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Managing Livestock

Choosing What Animals To Farm

It is important to select the right animal and number of head for the land size available.

Stages Of The Life Cycle

Some farmers breed and rear young animals, whilst some buy young animals and grow them on. Other farmers grow animals for a particular product, or keep the same type of animal for different products (e.g. cattle may be grown for veal, for beef or for dairy).

Select the stage of development you wish to produce on your farm.

Methods to Care for Animals

This can involve such things as feeding, watering, grooming, control of pests or diseases, breeding and rearing young, providing shelter, managing periodical grazing.

Identification of resources, both natural and man-made, will have a great effect on determining the method of care.

To sustain livestock production on a property, the following must be done:

  • Choose breeds that are appropriate to the location.
  • Do not over stock a property.
  • Use a production system that is appropriate for the breed and location.
  • Follow land care practices that do not damage the property (e.g. erosion control appropriate to soil type).
Selecting a Breed

Know the type and quantity of feed and water available before choosing a breed of livestock. Discuss any proposed selection with local people who know the area. Consider the way in which the livestock might need to be managed (e.g. fencing requirements, frequency of moving animals). You need to have the manpower, equipment and financial resources to manage the chosen breed in a sustainable way. If you don't have adequate resources, you might be better to choose a different type of animal (e.g. goats are good in a paddock for a while to eradicate weeds, but at a certain point, they can start to cause degradation of land).

Stocking Rates

This refers to the number of animals that can be supported by a specified area (i.e. head per hectare). The optimum stocking rate of a property may vary from month to month and year to year, according to seasonal changes and unproductive periods such as drought.

Supplementary feeding and watering may allow stocking rates to be increased on a property, or at least maintained during periods of poor pasture growth. Animals may also be put elsewhere under agistment (the temporary reallocation of stock to another location), to relieve their influence on the property.

Problems can develop if animals are allowed total freedom on a property. For example, they may congregate in one particular area, causing erosion, or they might only eat one particular pasture species, causing a change in the pasture composition. Generally, animals are restricted to different areas at different times.


Fencing is necessary to contain stock, but it can also injure stock. Fencing is traditionally six strands of barbed wire; however, most vets oppose using barbed wire because it injures stock, affects their health, and damages hides (making them less valuable for the hide industry). One or two strands of barbed wire will generally be adequate, with the remaining strands being plain wire.

The best fence is post and rail (four rails for small animals or two to three for large animals). In most instances, post and rail fencing is too expensive to be economically viable, except for intensive areas such as stock yards or feed lots. Post and rail may also be used to contain particularly strong or valuable animals, such as stud horses or bulls.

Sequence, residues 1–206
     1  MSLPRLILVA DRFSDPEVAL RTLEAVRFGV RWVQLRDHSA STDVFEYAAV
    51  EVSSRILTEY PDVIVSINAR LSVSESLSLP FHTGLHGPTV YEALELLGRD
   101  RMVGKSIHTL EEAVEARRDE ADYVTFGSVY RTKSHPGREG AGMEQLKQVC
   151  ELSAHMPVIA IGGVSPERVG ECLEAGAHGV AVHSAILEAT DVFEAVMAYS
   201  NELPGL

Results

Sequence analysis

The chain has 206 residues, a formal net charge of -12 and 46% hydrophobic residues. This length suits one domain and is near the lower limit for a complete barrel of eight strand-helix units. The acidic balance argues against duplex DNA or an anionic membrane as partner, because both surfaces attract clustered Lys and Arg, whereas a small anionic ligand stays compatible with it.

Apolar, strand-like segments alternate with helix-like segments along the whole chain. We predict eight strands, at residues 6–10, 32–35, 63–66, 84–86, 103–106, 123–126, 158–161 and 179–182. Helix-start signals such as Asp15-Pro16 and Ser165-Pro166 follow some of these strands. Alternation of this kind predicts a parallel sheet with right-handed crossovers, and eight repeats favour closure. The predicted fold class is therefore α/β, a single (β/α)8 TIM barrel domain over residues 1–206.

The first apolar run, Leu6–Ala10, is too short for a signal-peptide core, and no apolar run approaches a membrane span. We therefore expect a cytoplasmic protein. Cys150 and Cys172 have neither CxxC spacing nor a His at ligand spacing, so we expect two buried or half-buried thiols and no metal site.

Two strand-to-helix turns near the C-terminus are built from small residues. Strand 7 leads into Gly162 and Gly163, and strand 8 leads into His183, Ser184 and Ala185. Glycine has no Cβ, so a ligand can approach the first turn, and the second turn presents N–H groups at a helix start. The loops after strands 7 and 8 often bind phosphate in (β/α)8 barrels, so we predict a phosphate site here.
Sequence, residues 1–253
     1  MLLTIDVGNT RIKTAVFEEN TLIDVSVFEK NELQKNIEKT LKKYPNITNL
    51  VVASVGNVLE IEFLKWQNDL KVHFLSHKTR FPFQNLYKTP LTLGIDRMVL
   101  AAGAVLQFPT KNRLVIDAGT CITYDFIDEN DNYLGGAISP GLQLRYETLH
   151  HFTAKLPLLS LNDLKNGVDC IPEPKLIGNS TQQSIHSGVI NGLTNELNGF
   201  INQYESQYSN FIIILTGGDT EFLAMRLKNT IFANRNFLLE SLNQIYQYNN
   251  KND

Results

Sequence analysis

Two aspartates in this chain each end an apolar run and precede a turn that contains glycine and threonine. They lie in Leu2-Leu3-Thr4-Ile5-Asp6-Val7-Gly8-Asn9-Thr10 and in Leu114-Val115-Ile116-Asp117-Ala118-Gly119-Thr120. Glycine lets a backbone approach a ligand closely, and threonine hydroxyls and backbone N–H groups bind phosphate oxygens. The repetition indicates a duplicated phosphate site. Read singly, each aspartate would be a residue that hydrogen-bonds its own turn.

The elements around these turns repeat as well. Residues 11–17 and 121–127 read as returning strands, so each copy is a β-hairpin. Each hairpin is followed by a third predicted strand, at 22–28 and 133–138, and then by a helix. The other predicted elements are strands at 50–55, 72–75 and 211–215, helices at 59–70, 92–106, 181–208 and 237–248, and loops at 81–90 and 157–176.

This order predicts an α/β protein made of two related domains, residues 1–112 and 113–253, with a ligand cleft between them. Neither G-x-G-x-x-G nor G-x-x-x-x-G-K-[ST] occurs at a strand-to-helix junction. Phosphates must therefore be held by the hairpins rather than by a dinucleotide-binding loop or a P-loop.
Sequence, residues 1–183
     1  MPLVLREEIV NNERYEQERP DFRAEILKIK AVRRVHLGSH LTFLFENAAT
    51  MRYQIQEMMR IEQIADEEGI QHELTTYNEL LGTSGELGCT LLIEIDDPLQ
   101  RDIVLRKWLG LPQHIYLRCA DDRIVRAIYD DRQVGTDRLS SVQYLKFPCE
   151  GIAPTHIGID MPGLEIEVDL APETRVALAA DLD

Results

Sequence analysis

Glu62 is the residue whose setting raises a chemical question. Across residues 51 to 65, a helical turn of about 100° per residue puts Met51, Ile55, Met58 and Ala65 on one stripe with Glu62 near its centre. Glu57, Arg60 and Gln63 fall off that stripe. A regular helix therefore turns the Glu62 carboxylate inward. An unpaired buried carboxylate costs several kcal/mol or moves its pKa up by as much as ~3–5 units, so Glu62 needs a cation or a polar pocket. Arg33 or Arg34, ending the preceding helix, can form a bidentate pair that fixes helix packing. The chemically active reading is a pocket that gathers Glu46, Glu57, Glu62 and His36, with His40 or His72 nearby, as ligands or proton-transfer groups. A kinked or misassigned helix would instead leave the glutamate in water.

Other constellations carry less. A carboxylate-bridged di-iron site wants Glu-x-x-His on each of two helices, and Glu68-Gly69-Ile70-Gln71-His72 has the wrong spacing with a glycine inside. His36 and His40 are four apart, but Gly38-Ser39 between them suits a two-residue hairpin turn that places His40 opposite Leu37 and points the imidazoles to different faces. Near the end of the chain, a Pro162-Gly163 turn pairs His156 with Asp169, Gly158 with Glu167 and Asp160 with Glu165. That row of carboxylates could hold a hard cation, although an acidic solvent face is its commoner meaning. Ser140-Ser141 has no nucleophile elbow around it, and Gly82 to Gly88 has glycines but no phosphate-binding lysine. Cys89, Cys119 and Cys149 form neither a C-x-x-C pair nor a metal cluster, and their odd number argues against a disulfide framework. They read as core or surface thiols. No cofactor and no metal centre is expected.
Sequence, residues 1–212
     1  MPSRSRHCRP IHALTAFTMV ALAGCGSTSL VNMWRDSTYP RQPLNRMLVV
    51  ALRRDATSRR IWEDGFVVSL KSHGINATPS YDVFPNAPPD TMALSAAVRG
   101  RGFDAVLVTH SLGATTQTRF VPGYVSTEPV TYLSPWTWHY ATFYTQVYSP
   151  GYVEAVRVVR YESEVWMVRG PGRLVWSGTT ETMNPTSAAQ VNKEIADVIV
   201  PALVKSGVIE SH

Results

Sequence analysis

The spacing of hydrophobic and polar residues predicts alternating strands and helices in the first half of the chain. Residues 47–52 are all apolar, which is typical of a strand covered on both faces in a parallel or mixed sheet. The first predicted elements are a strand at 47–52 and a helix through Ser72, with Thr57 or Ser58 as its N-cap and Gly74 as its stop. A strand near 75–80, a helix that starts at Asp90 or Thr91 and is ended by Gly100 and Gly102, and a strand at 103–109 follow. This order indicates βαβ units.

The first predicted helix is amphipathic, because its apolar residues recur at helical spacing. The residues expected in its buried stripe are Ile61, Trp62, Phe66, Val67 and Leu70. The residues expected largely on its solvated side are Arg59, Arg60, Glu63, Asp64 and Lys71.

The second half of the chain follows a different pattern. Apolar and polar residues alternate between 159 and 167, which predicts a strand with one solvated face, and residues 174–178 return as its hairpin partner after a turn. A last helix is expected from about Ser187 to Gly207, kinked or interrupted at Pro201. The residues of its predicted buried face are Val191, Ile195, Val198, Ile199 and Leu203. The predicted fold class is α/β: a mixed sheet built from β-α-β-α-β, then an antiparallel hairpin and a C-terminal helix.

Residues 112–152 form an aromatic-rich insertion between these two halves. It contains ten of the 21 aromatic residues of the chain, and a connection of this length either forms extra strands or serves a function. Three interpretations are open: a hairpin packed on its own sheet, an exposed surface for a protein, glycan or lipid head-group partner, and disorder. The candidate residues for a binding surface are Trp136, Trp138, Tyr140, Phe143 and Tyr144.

Electric fences are relatively inexpensive and increasingly popular. They can be moved with relative ease, providing much greater flexibility and allowing paddocks to be reconfigured frequently. Electric fences can, however, be a fire risk if the fence lines are not routinely checked.

All types of fencing require maintenance. Fences do move and need straightening, gates deteriorate and need to be repaired. Electric fences perhaps take less effort to maintain them than others.

Working as a Livestock Farmer

Farms are generally arable (crops), dairy or livestock, and are run by management companies or single-owner farmers. Most livestock farm would specialise, for example, in dairy cattle, beef cattle and or sheep. Alternatively, they may have pigs or poultry. Mixed farms are less common.

Livestock farmers raise animals, organise farm administration, work machinery, organise associated businesses and manage staff. They need to have technical and practical competence, as well as the ability to make sound business decisions.

Starting Out

Livestock farming can be a difficult occupation to get in to unless your family owns a farm, or you have the money to buy a farm. It is certainly possible to become a farmer though, without having these things to give you a head start if you have the determination.

Some people get a start through study, followed up by experience. Others start with experience, and perhaps do some studies later on.

A good way to get experience is as a farm hand or stock man.

Some people get started as a farm contractor, driving machinery.

Some become share farmers.

There are lots of different ways to get a start.

ACS offer a great range of Agriculture courses, and these can all be studied whilst you are working. These cover a complete range of subject areas including livestock husbandry, pasture management, animal health care, breeding, farm management and much more. Many of our qualifications give you options to specialise in areas of interest to you, meaning you acquire the knowledge you need with a qualification unique to you.

Talk to us today - phone us on (UK) 01384 442752 or (International) +44 (0) 1384 442752, or submit questions to our specialist Agriculture tutors - tell them your goals and which courses you are thinking of studying with us.

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